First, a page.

Author Topic: The importance (or not) of gate current measurement  (Read 1059 times)

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Offline bdunham7

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Re: The importance (or not) of gate current measurement
« Reply #25 on: June 13, 2021, 08:41:29 pm »
Alas, no readable links!  Any summaries of the content anywhere?

I reread your original post and it appears I stopped reading after 'mosfets', so I'll amend my original answer--in the case of high power IGBTs, maybe.  I knew someone that worked at a company that developed an early high power resonant soft switching system using IGBTs over two decades ago, when IGBTs were new-ish.  I don't know if the final product had any closed loop controls for voltage or current, but I know that gate control was pretty critical and they blew up a fair amount of stuff in testing.  At that level, research in development of a new product using new methods, perhaps current would give you some information that voltage won't--especially if you don't yet fully understand the characteristics of the gate.

For regular MOSFETS, I still think the main goal would be getting the gate from the threshold voltage to the saturation voltage (or close to it) as quickly as possible without causing other problems--and that you can determine by measuring the voltage directly. 

A 3.5 digit 4.5 digit 5 digit 5.5 digit 6.5 digit 7.5 digit DMM is good enough for most people.
 

Online MasterTech

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Re: The importance (or not) of gate current measurement
« Reply #26 on: June 14, 2021, 06:02:41 am »
Updated the post with links

I reread your original post and it appears I stopped reading after 'mosfets', so I'll amend my original answer--in the case of high power IGBTs, maybe.  I knew someone that worked at a company that developed an early high power resonant soft switching system using IGBTs over two decades ago, when IGBTs were new-ish.  I don't know if the final product had any closed loop controls for voltage or current, but I know that gate control was pretty critical and they blew up a fair amount of stuff in testing.  At that level, research in development of a new product using new methods, perhaps current would give you some information that voltage won't--especially if you don't yet fully understand the characteristics of the gate.

One of the articles talks about controlling drain current via gate charge in IGBTs
 

Offline bdunham7

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Re: The importance (or not) of gate current measurement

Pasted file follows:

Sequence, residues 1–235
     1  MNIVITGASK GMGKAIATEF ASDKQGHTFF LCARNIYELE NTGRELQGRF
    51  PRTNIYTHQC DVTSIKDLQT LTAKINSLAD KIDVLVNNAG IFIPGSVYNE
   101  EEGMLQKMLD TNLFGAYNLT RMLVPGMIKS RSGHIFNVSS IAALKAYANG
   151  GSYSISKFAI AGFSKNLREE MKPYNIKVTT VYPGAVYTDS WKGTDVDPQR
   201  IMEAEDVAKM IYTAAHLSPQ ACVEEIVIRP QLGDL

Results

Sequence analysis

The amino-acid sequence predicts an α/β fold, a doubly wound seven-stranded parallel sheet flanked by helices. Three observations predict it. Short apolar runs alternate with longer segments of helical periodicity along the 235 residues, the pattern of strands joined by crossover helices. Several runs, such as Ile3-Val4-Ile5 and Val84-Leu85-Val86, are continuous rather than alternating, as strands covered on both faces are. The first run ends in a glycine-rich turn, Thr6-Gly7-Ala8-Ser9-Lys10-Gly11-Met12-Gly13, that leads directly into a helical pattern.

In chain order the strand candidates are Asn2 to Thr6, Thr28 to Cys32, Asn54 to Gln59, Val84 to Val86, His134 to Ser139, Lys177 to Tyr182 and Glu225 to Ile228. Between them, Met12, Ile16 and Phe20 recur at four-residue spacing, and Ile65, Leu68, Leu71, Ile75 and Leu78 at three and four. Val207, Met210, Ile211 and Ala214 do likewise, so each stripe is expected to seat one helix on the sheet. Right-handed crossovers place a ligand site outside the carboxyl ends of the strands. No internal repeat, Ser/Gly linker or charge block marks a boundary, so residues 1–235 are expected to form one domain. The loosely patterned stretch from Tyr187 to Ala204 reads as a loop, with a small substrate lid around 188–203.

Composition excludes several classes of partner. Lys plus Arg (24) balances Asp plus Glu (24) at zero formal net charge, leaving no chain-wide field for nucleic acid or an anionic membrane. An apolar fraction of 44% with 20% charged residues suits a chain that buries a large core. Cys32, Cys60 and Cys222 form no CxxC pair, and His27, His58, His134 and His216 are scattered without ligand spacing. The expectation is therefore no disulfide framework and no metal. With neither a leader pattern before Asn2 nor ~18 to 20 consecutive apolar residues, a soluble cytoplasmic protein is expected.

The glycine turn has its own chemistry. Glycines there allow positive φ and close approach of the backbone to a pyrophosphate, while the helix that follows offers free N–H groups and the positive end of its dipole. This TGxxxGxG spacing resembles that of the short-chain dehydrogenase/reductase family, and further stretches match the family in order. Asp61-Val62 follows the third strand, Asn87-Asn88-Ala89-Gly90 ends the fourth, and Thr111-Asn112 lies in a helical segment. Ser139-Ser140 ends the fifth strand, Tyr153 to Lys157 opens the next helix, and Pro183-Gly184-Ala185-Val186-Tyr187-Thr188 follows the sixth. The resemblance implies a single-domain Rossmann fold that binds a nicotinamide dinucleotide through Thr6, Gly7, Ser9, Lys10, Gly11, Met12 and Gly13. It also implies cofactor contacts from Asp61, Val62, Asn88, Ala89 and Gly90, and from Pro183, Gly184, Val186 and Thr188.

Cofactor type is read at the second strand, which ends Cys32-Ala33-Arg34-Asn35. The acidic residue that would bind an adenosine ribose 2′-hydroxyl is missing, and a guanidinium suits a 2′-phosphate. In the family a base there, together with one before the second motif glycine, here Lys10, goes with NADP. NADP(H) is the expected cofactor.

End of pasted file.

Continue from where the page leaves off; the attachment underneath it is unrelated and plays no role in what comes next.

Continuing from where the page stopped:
« Reply #27 on: June 16, 2021, 05:32:46 am »
One of the articles talks about controlling drain current via gate charge in IGBTs

I can only read the abstracts, but I get the basic ideas.  I'm not sure what you mean by the above, but my understanding of the reason for the resonant soft-switch system in the system I referred to is to make it so that the IGBT transitions occur at low voltage or current points, and that is because once you have optimized your gate drive and made sure that all the elements in the large parallel power IGBTs are fully on, you are left with the device-inherent transition times as the dominant factor.  Perhaps IGBTs have improved in this regard over the past few decades.

https://patentimages.storage.googleapis.com/ad/2a/db/1cd8d1377a464d/WO2017201209A1.pdf    (these were very high power AC to AC conversion systems, like 480VAC 3PH 100kVA)

As for the articles, the first looks like they are researching and characterizing SiC devices by gate current measurement.  I'd still wonder what the gate voltage looks like, but I suppose that's probably in there.  The second looks like they're optimizing the gate drive for lower gate drive losses "with little sacrifice in switching time" using active current control and feedback.  If you are designing a new gate driver IC, that makes sense.  The third looks the most interesting because they seem to be directly addressing the issue of uneven transitions among parallel elements with some current sensing and integration scheme.  I'm not sure whether those are discrete elements or they have some method for doing this with existing large commercial parallel element high-power devices. 

Anyway, yes at this level of analysis, current measurements make sense.  Just don't expect to do it on the cheap! 
A 3.5 digit 4.5 digit 5 digit 5.5 digit 6.5 digit 7.5 digit DMM is good enough for most people.
 


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